John Batsis et al. recently published a paper in Gerontechnology titled Usability evaluation for the Amulet Wearable Device in rural older adults with obesity:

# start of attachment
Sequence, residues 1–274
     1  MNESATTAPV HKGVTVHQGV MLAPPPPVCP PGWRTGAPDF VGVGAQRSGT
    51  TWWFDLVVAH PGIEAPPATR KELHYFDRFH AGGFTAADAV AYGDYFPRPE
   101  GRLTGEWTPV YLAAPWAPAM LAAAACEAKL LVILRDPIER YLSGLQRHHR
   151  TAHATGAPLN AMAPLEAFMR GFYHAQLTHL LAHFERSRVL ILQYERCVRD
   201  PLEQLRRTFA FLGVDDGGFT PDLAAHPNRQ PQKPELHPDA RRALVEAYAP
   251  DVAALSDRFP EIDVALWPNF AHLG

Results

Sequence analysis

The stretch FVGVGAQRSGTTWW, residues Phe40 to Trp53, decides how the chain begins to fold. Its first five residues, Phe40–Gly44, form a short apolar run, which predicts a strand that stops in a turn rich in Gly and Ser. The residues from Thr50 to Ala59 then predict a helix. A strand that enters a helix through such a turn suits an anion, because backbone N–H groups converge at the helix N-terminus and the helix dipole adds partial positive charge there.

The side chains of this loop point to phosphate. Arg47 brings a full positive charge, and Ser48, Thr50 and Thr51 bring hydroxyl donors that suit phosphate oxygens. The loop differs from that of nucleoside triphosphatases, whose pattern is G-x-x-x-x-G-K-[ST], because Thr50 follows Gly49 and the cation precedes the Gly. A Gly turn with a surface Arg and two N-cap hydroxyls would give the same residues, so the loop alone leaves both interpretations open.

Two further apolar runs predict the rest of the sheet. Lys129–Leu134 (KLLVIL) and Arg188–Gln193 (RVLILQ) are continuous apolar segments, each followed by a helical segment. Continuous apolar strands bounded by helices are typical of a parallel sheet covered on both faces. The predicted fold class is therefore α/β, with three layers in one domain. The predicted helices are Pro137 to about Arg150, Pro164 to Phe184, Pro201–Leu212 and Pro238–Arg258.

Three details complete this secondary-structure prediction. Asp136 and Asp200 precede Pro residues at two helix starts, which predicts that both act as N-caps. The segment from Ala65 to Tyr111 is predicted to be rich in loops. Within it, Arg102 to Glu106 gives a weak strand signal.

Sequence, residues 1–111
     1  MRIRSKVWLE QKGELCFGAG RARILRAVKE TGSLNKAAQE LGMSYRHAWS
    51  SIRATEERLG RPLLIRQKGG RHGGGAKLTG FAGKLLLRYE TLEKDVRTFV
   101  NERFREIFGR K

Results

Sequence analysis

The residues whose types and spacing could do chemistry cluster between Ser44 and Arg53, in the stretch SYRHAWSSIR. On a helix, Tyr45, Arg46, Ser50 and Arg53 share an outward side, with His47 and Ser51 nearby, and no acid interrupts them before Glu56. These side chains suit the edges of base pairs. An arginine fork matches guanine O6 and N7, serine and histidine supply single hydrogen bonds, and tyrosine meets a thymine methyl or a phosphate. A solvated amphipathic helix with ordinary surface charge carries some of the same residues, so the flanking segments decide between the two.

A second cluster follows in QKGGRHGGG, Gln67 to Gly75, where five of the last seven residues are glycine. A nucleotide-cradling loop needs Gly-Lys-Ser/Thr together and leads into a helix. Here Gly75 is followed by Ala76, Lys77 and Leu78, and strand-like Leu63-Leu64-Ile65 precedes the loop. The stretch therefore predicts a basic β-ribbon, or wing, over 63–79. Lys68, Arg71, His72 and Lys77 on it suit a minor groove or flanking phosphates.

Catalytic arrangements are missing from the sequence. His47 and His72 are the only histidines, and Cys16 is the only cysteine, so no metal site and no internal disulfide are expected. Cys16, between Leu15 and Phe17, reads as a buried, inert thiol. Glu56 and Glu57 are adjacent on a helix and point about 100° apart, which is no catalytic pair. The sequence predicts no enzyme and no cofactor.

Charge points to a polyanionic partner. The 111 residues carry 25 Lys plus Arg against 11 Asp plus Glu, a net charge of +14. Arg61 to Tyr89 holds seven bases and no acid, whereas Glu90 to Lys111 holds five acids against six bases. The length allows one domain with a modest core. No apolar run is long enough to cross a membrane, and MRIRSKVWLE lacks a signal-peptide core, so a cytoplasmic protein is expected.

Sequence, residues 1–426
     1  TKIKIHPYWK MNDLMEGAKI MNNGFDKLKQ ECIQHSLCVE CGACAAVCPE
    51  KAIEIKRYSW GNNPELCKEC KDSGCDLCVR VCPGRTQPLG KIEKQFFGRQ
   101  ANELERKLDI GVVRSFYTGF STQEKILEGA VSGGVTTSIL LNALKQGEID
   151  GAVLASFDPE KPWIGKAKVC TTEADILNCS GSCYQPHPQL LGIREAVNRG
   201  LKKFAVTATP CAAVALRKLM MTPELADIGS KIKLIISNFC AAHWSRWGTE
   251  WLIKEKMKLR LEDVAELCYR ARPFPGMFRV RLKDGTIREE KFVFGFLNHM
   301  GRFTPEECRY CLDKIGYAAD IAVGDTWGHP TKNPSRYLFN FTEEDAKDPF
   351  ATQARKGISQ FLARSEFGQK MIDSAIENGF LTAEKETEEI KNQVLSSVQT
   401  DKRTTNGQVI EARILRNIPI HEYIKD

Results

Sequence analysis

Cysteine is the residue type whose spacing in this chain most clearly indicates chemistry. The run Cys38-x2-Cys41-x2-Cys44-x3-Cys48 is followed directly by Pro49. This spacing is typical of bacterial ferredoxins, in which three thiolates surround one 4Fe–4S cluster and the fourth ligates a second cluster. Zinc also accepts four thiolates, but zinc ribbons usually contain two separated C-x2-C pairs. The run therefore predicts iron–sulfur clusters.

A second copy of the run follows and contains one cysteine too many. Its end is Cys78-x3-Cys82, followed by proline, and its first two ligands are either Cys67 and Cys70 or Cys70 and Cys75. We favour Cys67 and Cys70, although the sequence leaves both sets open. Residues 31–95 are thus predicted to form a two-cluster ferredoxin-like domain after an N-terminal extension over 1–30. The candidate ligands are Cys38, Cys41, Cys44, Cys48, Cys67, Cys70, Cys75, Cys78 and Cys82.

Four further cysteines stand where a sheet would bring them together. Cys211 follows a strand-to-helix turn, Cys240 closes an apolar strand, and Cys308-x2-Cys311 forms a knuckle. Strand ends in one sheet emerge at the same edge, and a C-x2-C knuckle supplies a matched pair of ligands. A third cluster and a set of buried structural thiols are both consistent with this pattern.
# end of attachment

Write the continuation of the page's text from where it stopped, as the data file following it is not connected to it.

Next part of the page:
Mobile health (mHealth) interventions hold the promise of augmenting existing health promotion interventions. Older adults present unique challenges in advancing new models of health promotion using technology including sensory limitations and less experience with mHealth, underscoring the need for specialized usability testing. We use an open-source mHealth device as a case example for its integration in a newly designed health services intervention. We performed a convergent, parallel mixed-methods study including semi-structured interviews, focus groups, and questionnaires, using purposive sampling of 29 older adults, 4 community leaders, and 7 clinicians in a rural setting. We transcribed the data, developed codes informed by thematic analysis using inductive and deductive methods, and assessed the quantitative data using descriptive statistics. Our results suggest the importance of end-users in user-centered design of mHealth devices and that aesthetics are critically important. The prototype could potentially be feasibly integrated within health behavior interventions. Centralized dashboards were desired by all participants and ecological momentary assessment could be an important part of monitoring. Concerns of mHealth, including the prototype device, include the device’s accuracy, its intrusiveness in daily life and privacy. Formative evaluations are critically important prior to deploying large-scale interventions.